Spotlight Exclusives

November 23, 2009: A Response to Mathur and Hassett۪s Commentary on Taxes, By Robert Cherry, Broeklundian Professor of Economics, Brooklyn College

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With the sunsetting of the 2001 tax cuts, next year۪s Congress must look anew at the various ways the federal system now taxes and subsidizes households with children. In their recent Spotlight commentary, Simplifying Tax Credits for Low-Income People, Kevin Hassett and Aparna Mathur of the American Enterprise Institute rightly criticized the patchwork nature of the child-related subsidies families now receive and reinforced that simplicity and transparency should be a minimal goal of tax reforms. In this commentary, I hope to clarify some of the issues they raised.

Hassett and Mathur began by noting that the cash welfare system “created significant work disincentivesand also discouraged the formation of two-parent families,” but they neglected to pursue how these issues are affected by the shift to “reliance on the tax system as a means of providing assistance to working families.” They mentioned the haphazardness of the current marginal tax rates faced by families with children, especially in the phase-out range of the EITC. They did not indicate, however, that these families will also face the phasing out of other benefits: housing, child care, food stamps, health care, etc.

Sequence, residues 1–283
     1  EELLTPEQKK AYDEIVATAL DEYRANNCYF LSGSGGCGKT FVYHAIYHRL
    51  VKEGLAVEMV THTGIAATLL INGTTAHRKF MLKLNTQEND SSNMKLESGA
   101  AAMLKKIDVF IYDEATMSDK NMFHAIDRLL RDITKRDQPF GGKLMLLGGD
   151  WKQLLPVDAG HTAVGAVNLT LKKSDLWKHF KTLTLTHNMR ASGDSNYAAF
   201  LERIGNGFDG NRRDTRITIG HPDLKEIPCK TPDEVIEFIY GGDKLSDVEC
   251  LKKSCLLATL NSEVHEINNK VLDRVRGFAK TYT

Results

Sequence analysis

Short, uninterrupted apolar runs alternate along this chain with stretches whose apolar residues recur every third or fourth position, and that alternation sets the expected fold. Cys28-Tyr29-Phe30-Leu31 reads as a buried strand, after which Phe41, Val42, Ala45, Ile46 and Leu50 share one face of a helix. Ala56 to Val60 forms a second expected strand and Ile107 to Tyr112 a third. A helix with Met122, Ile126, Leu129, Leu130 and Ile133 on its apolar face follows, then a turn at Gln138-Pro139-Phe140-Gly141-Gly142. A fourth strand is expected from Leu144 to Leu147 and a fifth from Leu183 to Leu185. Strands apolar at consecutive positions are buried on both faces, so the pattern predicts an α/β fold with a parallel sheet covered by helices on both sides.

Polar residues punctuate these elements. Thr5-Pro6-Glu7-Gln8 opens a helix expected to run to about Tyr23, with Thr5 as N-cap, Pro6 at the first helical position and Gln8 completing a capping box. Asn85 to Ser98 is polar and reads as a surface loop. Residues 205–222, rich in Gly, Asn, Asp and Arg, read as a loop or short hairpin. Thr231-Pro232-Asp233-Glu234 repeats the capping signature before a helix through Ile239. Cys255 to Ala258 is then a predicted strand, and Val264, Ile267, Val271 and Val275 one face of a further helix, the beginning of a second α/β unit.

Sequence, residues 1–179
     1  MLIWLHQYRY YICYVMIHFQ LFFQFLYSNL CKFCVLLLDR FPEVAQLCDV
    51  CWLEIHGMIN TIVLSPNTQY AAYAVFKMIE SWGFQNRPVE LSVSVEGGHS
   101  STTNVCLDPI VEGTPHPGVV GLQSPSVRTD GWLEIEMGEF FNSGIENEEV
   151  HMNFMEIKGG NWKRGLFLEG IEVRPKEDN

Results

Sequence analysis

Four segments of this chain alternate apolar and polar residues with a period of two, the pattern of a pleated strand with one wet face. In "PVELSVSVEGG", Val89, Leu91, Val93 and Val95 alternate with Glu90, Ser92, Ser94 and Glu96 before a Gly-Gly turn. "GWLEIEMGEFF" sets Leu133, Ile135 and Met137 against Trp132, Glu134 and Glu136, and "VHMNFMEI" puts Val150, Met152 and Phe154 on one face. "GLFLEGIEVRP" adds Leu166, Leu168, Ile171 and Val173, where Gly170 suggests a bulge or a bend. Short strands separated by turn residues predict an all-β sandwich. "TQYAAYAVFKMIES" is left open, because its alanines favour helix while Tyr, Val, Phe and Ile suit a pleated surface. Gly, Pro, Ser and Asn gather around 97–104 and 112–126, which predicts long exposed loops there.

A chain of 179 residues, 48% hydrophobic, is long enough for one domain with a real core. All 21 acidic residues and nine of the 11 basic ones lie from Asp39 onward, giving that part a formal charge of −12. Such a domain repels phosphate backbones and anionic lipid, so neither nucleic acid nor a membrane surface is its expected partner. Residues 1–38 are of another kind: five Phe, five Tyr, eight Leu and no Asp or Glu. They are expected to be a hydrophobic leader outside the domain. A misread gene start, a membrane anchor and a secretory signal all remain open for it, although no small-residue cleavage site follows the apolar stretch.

In a 2005 Future for Children article, Adam Carasso and Eugene Steuerle estimated that the average effective marginal tax rate for single mothers with two children and incomes between $10,000 and $40,000 would be 88.6 percent if they qualified for most of the benefits available. As a result, a large share of employed mothers in this income range will not choose to work additional hours or take a somewhat higher paying job that has fewer personal amenities convenient hours or location because the meager income gains would not be worth it. To reduce the marginal tax rate, the simplified tax credit program could have a low phase-out rate below, say, $30,000, with a higher phase-out rate thereafter.